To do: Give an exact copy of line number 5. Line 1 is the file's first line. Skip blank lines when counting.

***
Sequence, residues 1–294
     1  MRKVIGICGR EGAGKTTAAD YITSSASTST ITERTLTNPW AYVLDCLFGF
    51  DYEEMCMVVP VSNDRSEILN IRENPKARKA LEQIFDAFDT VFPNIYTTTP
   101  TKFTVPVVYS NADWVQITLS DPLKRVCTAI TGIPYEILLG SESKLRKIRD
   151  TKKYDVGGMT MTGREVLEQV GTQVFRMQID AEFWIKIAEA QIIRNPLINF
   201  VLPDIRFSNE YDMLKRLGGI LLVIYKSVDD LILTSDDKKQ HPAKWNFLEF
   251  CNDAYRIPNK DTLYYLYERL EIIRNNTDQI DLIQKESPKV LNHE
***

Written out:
   151  TKKYDVGGMT MTGREVLEQV GTQVFRMQID AEFWIKIAEA QIIRNPLINF